Rent Seeking by Agents of the Firm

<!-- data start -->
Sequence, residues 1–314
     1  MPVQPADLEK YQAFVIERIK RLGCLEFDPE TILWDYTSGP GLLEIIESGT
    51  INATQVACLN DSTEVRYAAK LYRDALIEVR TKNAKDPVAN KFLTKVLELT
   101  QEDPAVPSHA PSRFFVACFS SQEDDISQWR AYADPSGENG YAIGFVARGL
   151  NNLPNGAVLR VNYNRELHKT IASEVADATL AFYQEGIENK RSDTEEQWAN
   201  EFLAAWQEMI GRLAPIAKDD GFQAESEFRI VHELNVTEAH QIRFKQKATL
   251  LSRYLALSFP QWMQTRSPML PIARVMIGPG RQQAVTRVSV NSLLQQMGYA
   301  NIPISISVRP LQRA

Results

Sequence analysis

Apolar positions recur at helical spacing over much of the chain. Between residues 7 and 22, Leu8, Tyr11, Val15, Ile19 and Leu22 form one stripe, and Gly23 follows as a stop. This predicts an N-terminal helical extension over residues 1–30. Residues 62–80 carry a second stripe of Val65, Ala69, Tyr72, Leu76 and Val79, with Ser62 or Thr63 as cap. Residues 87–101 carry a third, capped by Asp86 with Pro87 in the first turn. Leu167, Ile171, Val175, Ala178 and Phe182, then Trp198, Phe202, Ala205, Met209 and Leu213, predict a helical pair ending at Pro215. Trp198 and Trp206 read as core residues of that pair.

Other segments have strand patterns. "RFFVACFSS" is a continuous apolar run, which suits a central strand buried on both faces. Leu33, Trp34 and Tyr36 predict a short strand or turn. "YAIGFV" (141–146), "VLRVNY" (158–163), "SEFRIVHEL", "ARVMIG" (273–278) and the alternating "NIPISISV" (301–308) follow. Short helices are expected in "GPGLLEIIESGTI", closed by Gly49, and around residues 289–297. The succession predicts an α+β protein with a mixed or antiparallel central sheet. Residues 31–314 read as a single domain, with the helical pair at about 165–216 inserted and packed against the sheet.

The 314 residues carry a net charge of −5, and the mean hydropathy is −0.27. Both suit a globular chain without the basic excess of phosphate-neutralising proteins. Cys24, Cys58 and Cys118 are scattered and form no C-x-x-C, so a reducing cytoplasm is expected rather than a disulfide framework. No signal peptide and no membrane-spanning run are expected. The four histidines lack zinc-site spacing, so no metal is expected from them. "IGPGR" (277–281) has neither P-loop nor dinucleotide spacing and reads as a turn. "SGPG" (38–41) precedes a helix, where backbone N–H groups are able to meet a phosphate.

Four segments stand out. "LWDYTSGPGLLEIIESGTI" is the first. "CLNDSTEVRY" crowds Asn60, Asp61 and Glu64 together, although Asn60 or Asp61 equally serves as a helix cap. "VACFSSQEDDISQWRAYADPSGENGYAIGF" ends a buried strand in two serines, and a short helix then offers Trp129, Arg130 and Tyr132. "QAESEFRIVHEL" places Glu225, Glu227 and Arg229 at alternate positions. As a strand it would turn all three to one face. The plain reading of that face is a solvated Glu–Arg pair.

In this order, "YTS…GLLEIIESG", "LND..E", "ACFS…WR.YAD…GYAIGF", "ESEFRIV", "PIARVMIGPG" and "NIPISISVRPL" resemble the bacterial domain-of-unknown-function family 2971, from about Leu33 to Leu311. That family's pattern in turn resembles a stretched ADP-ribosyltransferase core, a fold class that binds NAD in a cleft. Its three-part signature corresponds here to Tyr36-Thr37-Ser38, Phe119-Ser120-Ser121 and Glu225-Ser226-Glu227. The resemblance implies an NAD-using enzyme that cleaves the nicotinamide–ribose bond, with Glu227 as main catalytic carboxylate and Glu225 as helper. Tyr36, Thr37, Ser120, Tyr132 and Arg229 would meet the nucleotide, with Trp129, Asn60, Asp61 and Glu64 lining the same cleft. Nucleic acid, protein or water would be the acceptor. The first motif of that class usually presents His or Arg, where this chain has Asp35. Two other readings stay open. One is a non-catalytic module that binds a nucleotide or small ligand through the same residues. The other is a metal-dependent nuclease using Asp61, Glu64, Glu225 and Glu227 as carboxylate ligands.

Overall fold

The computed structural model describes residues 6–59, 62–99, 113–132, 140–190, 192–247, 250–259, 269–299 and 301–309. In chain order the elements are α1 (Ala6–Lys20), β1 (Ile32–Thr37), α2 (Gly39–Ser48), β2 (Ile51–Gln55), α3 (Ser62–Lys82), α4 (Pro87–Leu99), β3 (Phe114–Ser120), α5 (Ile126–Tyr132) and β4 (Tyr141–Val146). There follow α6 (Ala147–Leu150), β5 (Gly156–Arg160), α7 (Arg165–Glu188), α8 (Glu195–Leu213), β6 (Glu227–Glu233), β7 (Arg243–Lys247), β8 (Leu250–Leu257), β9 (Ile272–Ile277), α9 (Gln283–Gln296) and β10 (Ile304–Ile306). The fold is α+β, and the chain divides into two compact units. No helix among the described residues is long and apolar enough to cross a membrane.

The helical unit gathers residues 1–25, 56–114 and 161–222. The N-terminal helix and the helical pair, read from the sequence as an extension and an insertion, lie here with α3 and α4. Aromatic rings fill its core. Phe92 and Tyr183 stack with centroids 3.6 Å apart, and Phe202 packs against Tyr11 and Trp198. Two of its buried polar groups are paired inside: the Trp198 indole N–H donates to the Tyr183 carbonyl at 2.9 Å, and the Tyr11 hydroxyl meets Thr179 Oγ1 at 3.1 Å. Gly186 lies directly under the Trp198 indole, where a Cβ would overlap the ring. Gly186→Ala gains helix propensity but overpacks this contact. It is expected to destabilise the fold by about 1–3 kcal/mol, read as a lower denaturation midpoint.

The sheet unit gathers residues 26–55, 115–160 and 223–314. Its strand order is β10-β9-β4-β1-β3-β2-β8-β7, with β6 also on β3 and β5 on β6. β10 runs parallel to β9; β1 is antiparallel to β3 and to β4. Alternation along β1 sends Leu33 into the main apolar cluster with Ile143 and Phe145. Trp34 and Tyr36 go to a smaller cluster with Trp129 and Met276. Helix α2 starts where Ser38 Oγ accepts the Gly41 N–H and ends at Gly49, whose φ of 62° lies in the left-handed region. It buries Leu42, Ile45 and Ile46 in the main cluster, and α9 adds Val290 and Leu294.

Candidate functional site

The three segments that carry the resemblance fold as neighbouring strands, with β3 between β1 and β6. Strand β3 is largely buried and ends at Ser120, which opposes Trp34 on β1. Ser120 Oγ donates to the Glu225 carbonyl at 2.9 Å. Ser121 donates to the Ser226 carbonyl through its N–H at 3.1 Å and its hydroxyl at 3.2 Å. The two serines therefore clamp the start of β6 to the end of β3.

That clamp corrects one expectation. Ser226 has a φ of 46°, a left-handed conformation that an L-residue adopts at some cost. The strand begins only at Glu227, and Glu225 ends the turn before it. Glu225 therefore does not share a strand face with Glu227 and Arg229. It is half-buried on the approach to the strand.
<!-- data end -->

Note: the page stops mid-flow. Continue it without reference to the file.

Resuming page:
This study examines the role of managers' political campaign contributions in relation to their firms' tax benefits. The study differs from extant public choice literature that has not examined the role of self-interested agents within the firm. Using a major tax law change, we find that firms' political action committee contributions and individual managers' campaign contributions are both positively associated with firm tax benefits (rents) at stake. We also observe these contributions to be an increasing function of managers' wealth effects through the existence of bonus plans that are based on after-tax earnings and ownership of the firm's stock. The policy implications are that firms' own tax benefits, as well as its managers' individual wealth-enhancing effects, may influence campaign contributions.
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